Apple Inc. Apple Incsaid on Wednesday it plans to start a program to lower its App Store commissions for software developers who make US$1-million or less in proceeds each year from the store, but some of the company’s critics called the move “window dressing.”
Apple takes a 30-per-cent cut of most purchases made on the App Store, although the commission drops to 15 per cent for subscriptions that remain active for more than a year.
The iPhone maker said developers will automatically get the lower 15 per cent rate if they generate US$1-million or less in proceeds – defined as the portion of store purchases that the developer keeps – in a calendar year.
Apple’s App Store fees and rules have come under fire from large firms such as Microsoft Corp., Spotify Technology SA, Match Group Inc. and Epic Games as well as startups and smaller companies that allege the fees deprive consumers of choices and push up the price of apps.
“This would be something to celebrate were it not a calculated move by Apple to divide app creators and preserve their monopoly on stores and payments, again breaking the promise of treating all developers equally,” Epic Games chief executive Tim Sweeney said.
In reply to its critics, the iPhone maker has previously said its rules apply evenly to developers and that the App Store provides an easy way to reach its huge base of users without having to set up payment systems in the 175 countries where it operates.
The move will affect a broad swath of developers, but it was unclear how big the financial impact would be for Apple.
Based on the publishers it tracks, analytics firm Sensor Tower said 97.5 per cent of iOS developers generated less than US$1-million a year in gross consumer spending. But those same developers contributed only 4.9 per cent of the App Store’s 2019 revenue.
However, Gene Munster of Loupe Ventures, a longtime Apple analyst, estimated the small developers covered under the program make up 20 per cent of Apple’s App store revenue. He lowered his estimate for Apple’s store revenue in its next fiscal year to US$14.2-billion, a US$1.6-billion reduction from his estimate before the policy change and about 0.5 per cent of Apple’s overall revenue.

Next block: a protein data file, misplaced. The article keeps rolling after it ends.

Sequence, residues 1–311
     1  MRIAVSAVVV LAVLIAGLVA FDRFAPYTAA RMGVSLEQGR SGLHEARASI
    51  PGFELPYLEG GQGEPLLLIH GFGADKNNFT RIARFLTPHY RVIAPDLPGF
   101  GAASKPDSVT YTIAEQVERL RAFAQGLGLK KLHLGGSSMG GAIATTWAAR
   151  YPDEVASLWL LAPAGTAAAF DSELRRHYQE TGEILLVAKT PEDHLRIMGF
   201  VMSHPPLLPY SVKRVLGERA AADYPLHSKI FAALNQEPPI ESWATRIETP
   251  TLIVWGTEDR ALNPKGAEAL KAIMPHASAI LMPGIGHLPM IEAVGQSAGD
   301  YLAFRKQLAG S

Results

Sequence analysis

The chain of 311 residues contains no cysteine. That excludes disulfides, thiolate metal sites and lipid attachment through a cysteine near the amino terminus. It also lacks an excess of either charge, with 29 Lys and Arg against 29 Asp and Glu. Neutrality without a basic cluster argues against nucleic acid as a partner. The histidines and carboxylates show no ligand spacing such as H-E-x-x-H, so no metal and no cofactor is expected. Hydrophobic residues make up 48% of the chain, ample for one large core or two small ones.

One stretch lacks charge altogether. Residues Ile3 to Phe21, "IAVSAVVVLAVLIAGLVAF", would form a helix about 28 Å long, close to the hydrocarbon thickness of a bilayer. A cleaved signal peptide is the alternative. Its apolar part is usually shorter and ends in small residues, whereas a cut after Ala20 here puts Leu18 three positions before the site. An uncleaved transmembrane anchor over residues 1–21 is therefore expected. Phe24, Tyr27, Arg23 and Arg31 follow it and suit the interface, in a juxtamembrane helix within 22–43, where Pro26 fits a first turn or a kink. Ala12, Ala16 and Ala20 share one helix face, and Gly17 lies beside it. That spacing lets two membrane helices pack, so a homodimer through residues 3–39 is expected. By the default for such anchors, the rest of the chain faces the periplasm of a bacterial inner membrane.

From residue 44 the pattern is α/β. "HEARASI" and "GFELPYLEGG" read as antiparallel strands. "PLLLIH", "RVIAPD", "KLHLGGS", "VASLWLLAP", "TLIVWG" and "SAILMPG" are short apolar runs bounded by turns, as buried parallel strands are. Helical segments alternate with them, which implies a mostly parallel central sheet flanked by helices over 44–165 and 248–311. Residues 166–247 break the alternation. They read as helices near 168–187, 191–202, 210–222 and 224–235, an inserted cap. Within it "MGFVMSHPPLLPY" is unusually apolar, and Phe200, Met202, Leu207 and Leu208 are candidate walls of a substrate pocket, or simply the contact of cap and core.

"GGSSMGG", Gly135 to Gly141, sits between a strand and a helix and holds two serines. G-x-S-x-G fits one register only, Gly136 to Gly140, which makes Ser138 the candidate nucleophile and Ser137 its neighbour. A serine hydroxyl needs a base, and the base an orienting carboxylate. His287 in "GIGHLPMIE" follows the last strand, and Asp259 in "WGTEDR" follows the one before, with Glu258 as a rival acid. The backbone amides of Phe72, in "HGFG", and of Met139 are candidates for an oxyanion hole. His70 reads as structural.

The App Association, a group sponsored by Apple, said in a statement that the “reduced commission for small businesses will allow them to put additional resources towards scaling up and innovating new products and services.”
In a statement, Match Group said Apple’s rules still forced developers to use its payment system even when Apple competes against those developers. “And if you manage to grow your revenue over $1 million, they then double their cut – arbitrarily – making it even harder for the startup to continue to grow,” the company said.
Spotify, which is pursuing an antitrust complaint against Apple in Europe, said in a statement that it hopes “regulators will ignore Apple’s ‘window dressing’ and act with urgency to protect consumer choice, ensure fair competition, and create a level playing field for all,”
Apple said the new program will start on Jan. 1, and it will give more details on which developers qualify next month.
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